Energy

IRS Just Made It Easier For Wind Farms To Get Taxpayer Dollars

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Michael Bastasch Contributor
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The Internal Revenue Service (IRS) just doubled the amount of time wind turbine owners have to claim lucrative federal subsidies, which could mean more taxpayer dollars flowing towards green energy projects.

IRS officials extended the “commence construction” phase of wind farms from two to fours years. This means energy companies have twice as much time to claim a federal production tax credit for generating power from green energy sources.

The government’s new guidance gives energy companies more time to claim $23 per megawatt hour of electricity produced from wind turbines. Extending wind tax credits was already slated to cost $14.5 billion, but now those costs could be significantly increased as companies get more time to grab tax dollars.

Congress passed legislation in December to extend a slew of green energy tax credits in exchange for Democratic support in lifting the decades-old ban on crude oil exports. PoliticoPro reports that the tax extenders deal last year also included a 5-year phase-out for wind power, which is why the deadline for getting the full subsidy was increased.

Next, the IRS will decide on “commence construction” phase requirements for solar panel owners who want federal support. Congressionally-extended solar energy tax credits are projected to cost taxpayers more than $10 billion over the next decade, according to the Congressional Budget Office.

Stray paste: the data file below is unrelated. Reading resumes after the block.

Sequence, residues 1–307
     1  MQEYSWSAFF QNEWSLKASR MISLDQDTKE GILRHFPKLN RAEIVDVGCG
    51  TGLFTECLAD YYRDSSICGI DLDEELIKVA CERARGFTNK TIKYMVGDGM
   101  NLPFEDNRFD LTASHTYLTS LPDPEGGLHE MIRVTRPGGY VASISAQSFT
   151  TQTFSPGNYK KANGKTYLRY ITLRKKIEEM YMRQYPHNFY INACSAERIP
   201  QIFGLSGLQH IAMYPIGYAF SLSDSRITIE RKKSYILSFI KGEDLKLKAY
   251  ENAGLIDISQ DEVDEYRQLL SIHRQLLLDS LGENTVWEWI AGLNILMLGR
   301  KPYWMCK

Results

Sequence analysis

The IRS’s move to make it easier to get taxpayer dollars for generating wind power comes as the Obama administration ups the amount of birds wind turbines are allowed to inadvertently kill from 1,130 to 4,200.

The U.S. Fish and Wildlife Service (FWS), which issued the ruling, said there are enough bald eagles to justify lifting the cap on bird killings by wind turbines. FWS, however, is not allowing higher take amounts for rarer golden eagles.

“We estimate there are about 143,000 bald eagles in the United States, and that populations continue to increase,” FWS will publish in the Federal Register Friday, according to the Washington Examiner. “Given their continued population growth above the 2009 baseline, there is considerable capacity to sustain take of bald eagles.”

For years, environmentalists have been critical of wind farms because of the amount of birds and bats they kill every year. A 2013 study estimated 888,000 bats and 573,000 birds were killed by U.S. wind turbines every year.

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